By Julia Munemo
A waterfall near Rancho San Telmo in the foothills of the Sierra de la Gigante, located above the town of Loreto. Students traced the water shed that drains into the Loreto delta. Photo by Gudveig Baarli.

Spending two weeks in Baja California Sur, Mexico, brought into focus many of the things Christina Seeger ’16 was learning about in a spring semester tutorial on coastal ecosystems.

“I stood on a cliff and looked down at the island we’d spent the day exploring, and suddenly I could see everything we learned about so clearly,” says Seeger, a geosciences and astronomy double major. “The island was formed by a giant volcano, and I was able to construct the whole story about the eruption, the marine response and how the wind direction and what’s being swept in interacts with it all.”

The trip, which took place during spring break, was part of the tutorial Gulf of California Tectonics and Coastal Ecosystems, taught by Markes Johnson, the Charles L. MacMillan Professor of Natural Science, emeritus. In tutorials, pairs of students, guided by their professor, take turns developing their own independent work and critiquing their partner’s.

The 10 sophomores, juniors and seniors in Johnson’s class learned about the tectonics of the region and how the gulf formed. They also studied the region’s ecosystems, such as coral reefs and clam flats, both of which result in massive limestone formations along the coast.

During spring break, the students spent four nights camping on two of the islands in Loreto Bay National Park, where they encountered coral reef deposits on top of volcanic rock. The formation indicates that sea level is lower today than it was 125,000 years ago and that the island is rising over time.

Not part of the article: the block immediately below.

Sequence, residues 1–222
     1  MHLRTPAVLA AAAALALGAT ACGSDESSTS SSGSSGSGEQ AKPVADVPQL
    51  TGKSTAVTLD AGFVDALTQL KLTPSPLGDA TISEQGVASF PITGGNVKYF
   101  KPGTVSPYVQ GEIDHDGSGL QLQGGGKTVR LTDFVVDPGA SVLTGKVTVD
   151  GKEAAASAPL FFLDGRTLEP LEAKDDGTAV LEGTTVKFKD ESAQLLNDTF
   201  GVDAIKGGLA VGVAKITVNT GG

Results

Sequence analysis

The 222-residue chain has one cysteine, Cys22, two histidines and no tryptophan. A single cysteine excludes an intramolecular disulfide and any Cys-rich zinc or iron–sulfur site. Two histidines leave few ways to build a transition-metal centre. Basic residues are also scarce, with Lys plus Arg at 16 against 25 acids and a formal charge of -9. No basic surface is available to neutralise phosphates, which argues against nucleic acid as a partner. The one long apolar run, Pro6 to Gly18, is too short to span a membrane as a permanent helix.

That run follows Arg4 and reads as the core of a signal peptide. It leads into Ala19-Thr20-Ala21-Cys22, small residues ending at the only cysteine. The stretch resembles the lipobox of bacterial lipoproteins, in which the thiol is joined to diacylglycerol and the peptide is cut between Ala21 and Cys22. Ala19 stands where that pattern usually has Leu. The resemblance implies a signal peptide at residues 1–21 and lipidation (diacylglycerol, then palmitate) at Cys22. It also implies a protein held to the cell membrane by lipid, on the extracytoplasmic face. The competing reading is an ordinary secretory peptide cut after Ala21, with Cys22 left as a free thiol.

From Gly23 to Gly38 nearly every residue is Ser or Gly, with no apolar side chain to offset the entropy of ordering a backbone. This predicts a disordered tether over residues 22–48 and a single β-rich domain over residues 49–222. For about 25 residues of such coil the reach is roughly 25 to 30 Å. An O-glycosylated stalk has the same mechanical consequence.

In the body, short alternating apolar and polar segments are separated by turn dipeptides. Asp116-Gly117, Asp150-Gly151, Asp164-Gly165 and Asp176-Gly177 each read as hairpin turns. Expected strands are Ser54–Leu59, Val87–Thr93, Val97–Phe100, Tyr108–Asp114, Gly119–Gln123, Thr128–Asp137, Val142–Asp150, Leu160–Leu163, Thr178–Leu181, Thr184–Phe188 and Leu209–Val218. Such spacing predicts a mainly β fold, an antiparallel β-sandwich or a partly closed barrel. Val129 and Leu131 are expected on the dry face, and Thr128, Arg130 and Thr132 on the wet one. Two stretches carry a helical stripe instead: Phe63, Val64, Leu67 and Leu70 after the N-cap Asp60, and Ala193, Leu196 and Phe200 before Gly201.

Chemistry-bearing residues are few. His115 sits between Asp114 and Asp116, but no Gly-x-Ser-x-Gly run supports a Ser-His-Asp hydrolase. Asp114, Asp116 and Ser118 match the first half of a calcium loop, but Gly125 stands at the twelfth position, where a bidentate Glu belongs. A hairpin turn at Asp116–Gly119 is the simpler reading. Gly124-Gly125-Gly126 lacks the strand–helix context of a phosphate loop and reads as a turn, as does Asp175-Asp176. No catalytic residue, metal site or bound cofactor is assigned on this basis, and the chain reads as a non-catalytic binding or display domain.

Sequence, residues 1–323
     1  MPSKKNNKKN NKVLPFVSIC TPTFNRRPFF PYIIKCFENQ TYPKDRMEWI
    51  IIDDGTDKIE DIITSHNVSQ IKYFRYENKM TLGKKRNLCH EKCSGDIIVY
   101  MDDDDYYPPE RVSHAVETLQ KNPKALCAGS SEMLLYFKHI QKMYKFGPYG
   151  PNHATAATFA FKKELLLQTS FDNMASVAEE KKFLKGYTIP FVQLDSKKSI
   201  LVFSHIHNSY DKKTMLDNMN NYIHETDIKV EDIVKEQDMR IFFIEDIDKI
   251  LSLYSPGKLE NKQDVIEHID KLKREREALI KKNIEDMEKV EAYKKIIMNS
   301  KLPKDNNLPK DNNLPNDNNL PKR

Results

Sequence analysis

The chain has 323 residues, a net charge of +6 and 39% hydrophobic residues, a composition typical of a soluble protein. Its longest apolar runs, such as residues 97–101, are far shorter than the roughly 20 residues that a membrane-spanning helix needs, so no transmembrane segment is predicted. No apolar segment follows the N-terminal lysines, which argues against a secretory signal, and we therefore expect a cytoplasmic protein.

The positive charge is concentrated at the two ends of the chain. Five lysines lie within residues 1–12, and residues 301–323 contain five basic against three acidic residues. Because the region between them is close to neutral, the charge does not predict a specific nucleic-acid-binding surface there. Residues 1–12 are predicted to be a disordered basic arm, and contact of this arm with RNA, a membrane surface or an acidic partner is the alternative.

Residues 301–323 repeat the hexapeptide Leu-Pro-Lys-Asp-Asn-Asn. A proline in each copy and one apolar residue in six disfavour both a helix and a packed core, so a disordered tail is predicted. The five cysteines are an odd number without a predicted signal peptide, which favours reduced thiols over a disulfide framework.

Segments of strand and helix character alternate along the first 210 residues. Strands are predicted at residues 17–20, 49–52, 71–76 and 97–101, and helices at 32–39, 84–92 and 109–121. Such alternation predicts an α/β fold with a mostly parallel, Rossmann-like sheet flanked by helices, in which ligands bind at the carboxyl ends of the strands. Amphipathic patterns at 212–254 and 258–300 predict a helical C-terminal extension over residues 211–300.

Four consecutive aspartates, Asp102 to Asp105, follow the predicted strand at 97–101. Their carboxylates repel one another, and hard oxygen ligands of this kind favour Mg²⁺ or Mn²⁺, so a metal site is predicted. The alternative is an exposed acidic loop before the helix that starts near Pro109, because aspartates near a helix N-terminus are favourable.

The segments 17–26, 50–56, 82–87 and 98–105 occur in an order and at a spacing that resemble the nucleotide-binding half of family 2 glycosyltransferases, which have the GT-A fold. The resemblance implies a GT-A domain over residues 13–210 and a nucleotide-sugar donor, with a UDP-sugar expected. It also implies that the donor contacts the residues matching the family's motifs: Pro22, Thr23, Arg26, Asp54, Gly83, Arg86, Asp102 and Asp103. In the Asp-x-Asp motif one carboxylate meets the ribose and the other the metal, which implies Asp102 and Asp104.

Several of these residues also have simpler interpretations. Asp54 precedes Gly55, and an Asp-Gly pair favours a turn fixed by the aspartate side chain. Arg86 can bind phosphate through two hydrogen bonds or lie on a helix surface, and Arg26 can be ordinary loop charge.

The group then traveled 45 kilometers up the coast to study on foot and by kayak a span of coastline encompassing two bays that open onto the gulf from different directions. “No detailed geological map has ever been done on the area enclosed by the two bays,” says Johnson, adding that the students “made some fresh observations that clarified certain geological relationships in the area.”

Johnson has studied the ecology and tectonics of shorelines for many years. Earlier this year, he published his fourth book on the region: Gulf of California Coastal Ecology: Insights from the Present and Patterns from the Past (Sunbelt Publications).

For his students, the trip’s value was immeasurable. “Being in the field connects you to the material so much more than reading about it or looking at slides,” Seeger says. “It’s the best way to engage with the subject critically, because you’re standing right there, and your curiosity is naturally piqued.”